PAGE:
Fence & Fencing Options For Horse Farms
Black, 4-board fencing is the classic Kentucky look that prevails throughout the Bluegrass. This isn't a coincidence, and there are very practical reasons behind this popular fence choice. Let's talk about some of the elements that make (or break) a great horse fence:
Why black and not white, like at Calumet and some of the other big farms? Black paint wears better. You can paint black fencing once every five years and have it still look great. The white paint shows chips a lot faster. You'll need to repaint the white fence every two years.
Number of Boards
Why do people choose 4-boards over 3-boards? It's simple! Some horses like to put their heads through the 3-board fencing to eat the grass on the other side. All is well until they over-react and try to pull their heads up suddenly, often removing a board or two, or even worse, breaking their jaw.
Placement of Boards
On which side of a post should you attach the boards? Always put the boards on the pasture side of the post. That way when the horses (or other livestock) push on the fence boards while leaning over the fence or itching on it, the boards won't pop loose. Placing the posts on the interior of the pasture is also a hazard to the horses, since they can run into the posts and injure themselves.
Typically, a well-built wood fence will have a 6" in diameter, oak post every eight feet.
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A face board is a board that runs perpendicular to the ground, on the outside of the boards on the opposite side from the post. Face boards keep the boards from popping loose from the post. A loose board that protrudes into the pasture is a safety risk for a horse. The face board also keeps the fence looking tidier. However, face boards trap moisture between boards, which may cause the fence to rot quicker. If you drive around looking at the major farms you will see some with face boards and some without.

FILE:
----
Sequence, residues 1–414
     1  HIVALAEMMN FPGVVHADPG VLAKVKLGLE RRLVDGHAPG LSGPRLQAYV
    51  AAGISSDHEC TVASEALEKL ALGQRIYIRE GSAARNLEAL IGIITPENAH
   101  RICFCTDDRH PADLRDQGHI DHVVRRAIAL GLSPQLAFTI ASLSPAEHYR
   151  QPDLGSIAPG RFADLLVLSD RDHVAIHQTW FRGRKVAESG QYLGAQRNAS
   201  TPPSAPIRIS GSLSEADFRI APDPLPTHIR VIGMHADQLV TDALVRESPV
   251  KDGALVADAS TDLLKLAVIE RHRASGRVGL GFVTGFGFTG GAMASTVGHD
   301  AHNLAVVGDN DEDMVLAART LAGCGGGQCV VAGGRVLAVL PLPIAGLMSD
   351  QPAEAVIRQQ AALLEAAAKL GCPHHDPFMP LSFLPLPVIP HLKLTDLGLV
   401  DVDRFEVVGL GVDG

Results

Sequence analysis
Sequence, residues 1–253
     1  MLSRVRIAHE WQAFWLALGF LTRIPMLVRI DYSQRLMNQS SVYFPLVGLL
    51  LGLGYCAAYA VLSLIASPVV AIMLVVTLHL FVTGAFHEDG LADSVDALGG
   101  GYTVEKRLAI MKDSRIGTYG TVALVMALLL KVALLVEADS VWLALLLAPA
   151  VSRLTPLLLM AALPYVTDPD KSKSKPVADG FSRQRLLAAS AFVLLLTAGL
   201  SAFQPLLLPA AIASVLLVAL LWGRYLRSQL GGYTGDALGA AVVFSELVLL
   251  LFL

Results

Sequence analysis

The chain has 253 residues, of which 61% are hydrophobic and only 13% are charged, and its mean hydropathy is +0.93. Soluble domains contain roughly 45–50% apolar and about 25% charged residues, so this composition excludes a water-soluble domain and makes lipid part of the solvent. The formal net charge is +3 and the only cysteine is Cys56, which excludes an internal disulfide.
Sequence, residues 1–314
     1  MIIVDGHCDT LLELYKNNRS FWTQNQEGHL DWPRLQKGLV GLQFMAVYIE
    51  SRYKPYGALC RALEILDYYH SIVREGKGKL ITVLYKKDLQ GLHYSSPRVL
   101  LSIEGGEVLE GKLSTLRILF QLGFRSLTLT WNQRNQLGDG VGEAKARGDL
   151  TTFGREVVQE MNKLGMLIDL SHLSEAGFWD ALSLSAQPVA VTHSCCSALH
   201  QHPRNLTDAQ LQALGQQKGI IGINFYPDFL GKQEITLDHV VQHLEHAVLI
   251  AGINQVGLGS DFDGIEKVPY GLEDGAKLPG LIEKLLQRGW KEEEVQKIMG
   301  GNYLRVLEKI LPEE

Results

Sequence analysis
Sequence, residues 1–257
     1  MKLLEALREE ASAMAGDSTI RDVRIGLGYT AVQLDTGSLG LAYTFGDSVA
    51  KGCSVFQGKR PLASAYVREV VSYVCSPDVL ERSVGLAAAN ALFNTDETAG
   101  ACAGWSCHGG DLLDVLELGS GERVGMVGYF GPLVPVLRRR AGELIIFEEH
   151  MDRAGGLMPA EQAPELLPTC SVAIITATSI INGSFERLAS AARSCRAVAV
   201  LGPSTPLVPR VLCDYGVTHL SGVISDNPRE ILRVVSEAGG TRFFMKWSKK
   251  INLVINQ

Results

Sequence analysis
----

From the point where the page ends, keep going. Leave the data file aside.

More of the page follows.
Most farms try to use oak boards because oak lasts longer and is stronger than most of the other fencing wood available. Poplar is somewhat popular, especially with sport horses when you can use electric wire on top, because the wood stays straighter than the oak boards. In other parts of the country, cypress, locust, etc. are often the wood of choice for posts.
Some farms also have wire fencing, is it safe? Diamond wire mesh fencing with a board on top is the safest and one of the most expensive fencing types around. The wire is extremely thick and densely knit, and not as "classic" in appearance. Diamond wire mesh is extremely durable and very low maintenance.
No climb wire (pictured right) is a wider, less dense and less durable type of fencing that is still safe for horses because the horse can't get a foot through it. However, no climb wire has a much shorter life expectancy than diamond wire mesh.
Other types of wire, such as hog wire and barbed wire, can be dangerous for horses. Hog wire is too wide, so horses can catch their leg in it, and barbed wire will tear horses' coats. Electric wire is safe, but not used as extensively for high-strung horses. When thoroughbreds (and many other types of performance horses) touch hot wire they tend to react poorly and don't always stay within the fence.
Plastic fencing, such as Triple Crown Fencing, is safe and extremely durable. Unfortunately it is also quite expensive to install and for many people it does not have the "classic" appeal. These two factors make it a less popular choice here in Central Kentucky.